Indoor temperature, relative humidity (RH) and carbon dioxide (CO2) concentration were determined using a portable monitor (GasData, model PAQ) with short-term measurements (30 minute average for each one) conducted sequentially, at each site, recording the respective duration. After equipment stabilization, reading values were registered and transferred to an informatics system using PCLogger software.
2.3. Data Analysis The values of the monitored microbiological parameters were compared with the current Portuguese reference levels: (1) total viable bacteria = 500 CFU/m3; (2) total viable fungi = 500 CFU/m3 (Decree-Law no. 79/2006 of April 4th).
3. RESULTS AND DISCUSSIONThe levels of airborne bacteria and fungi are dependent on environmental factors such as CO2, RH and temperature (Araujo et al., 2008). During the monitoring period, the indoor air overall temperature was 18-28ºC, RH ranged from 29 to 79%, and the CO2 concentration was between 376-2290 mg/m3, with 3% of total monitored values above the Portuguese reference levels (1800 mg/m3).
In terms of ventilation systems, 39% of the analyzed rooms were naturally ventilated and 59% had mechanical ventilation systems, with intake and outtake grids.
The overall mean airborne concentrations of indoor bacteria and fungi, for all analyzed rooms, were, respectively, 525 and 349 CFU/m3. These airborne concentrations had high variability ranging 9-10512 CFU/m3 for bacteria and 10-5530 CFU/m3 to fungi. Other studies (Cabral, 2010 and Wan et al., 2011) also refer high ranging variability due to indoor building materials, ventilation rates and human activities.
Table 1 presents the summary of the five years of indoor and outdoor microbiological monitoring data, by hospital. Three hospitals had bacteria concentrations above Portuguese reference levels. Meanwhile, only one hospital had fungi
Occupational Safety and HygieneInternational Symposium on
concentrations above the respective levels. It is important to notice that outdoor concentrations are higher than indoors in three out of five analyzed hospitals. This could show that hospitals may be influenced by outdoor variables, especially those rooms that are naturally ventilated. In hospitals, the use of air filtration systems and other preventive measures limits drastically the access of outdoor microbiological pollutants to such environments, reducing its concentrations (Munoz et al., 2004 and Dascalaki et al., 2009). Also, there is a common high range, both indoor and outdoor, reporting all the seasons and different areas variability throughout the monitoring years.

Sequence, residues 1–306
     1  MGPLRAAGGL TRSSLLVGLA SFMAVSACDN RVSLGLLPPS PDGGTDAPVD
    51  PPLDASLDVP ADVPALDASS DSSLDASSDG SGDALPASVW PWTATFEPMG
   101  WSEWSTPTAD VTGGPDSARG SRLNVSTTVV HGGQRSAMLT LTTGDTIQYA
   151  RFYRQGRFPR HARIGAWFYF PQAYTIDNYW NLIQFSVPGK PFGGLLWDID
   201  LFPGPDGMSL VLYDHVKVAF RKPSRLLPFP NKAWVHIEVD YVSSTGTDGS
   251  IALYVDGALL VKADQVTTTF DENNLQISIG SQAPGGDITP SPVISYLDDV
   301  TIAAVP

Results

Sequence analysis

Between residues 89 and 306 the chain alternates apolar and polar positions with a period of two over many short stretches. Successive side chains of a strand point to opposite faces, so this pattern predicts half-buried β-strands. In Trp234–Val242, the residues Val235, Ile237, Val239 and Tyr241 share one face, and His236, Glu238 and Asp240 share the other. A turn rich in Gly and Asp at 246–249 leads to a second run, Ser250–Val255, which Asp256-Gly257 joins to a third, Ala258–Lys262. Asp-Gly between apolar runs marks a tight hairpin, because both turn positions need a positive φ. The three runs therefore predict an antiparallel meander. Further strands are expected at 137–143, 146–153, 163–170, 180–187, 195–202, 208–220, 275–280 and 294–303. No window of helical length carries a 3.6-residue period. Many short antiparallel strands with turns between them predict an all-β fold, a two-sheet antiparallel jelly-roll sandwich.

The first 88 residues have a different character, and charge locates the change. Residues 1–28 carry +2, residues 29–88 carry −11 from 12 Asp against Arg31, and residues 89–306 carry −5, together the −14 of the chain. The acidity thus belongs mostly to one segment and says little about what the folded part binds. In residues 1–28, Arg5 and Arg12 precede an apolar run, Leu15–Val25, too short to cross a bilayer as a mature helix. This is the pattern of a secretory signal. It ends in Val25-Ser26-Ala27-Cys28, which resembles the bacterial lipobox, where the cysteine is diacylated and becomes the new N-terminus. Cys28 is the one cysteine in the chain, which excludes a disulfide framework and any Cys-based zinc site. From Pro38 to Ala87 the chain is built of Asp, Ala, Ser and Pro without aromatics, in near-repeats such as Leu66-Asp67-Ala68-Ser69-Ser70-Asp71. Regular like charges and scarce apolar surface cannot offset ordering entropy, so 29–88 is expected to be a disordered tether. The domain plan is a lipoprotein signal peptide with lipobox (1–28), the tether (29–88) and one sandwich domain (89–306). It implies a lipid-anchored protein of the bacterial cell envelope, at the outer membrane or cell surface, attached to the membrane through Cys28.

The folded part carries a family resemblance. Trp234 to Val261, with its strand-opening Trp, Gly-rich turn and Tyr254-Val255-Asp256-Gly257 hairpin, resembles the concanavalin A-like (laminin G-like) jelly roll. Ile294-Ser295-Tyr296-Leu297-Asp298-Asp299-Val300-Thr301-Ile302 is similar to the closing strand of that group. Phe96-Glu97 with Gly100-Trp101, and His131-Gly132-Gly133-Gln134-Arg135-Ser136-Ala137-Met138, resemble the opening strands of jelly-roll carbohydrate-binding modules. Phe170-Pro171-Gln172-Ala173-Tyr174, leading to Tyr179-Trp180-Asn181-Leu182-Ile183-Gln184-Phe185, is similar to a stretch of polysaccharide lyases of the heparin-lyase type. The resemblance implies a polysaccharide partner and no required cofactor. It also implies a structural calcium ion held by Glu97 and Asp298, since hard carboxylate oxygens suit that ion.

Table 2 shows the results of indoor microbiological monitoring pointing up the analysis by type of analyzed room.
It is possible to recognize ‘Warehouses’ as the area with higher bacteria and fungi concentration levels, and therefore above the law reference levels, followed by ‘Laboratories’ and ‘Wards’, when it concerns to bacteria concentration levels.
It is not surprising that ‘Operating rooms’ were the areas with lower concentrations of microorganisms, due to sterilization procedures in these types of rooms.
Figure 1 represents the overall evolution of bacteria and fungi concentrations per hospital throughout the monitoring years.
Apart from hospitals code 1 and 3 for bacteria monitoring and hospitals code 3 and 4 for fungi monitoring, which is only available 2008 year data, it is possible to identify an increase of indoor bacteria and fungi concentrations along the years.
Thirty five percent of bacteria concentration are above the Portuguese reference levels and 13% of fungi concentrations had the same performance.
These preliminary results also point out to a prevalence of the following mold species in the analyzed samples:
Aspergillus versicolor and Aspergillus niger, both possibly toxigenic; and more common species such as Penicillium sp.and Alternaria sp.
Ongoing analysis is being carried out to correlate bacteria and fungi concentrations with their possible sources, ventilation characteristics and other environmental IAQ parameters.
Figure 1 – Overall evolution of bacteria and fungi concentrations per hospital
4. CONCLUSIONS The results presented in this work points out to: (i) hospitals concentration levels of bacteria tend to be higher than fungi concentrations; (ii) ‘Warehouses’ is the area with higher microbiological concentrations above law reference levels, followed by ‘Laboratories’ and ‘Wards’; (iii) outdoor concentrations are higher than indoors in three out of five studied hospitals; (iv) it is possible to identify an increase of indoor bacteria and fungi concentrations, per hospital, throughout the years.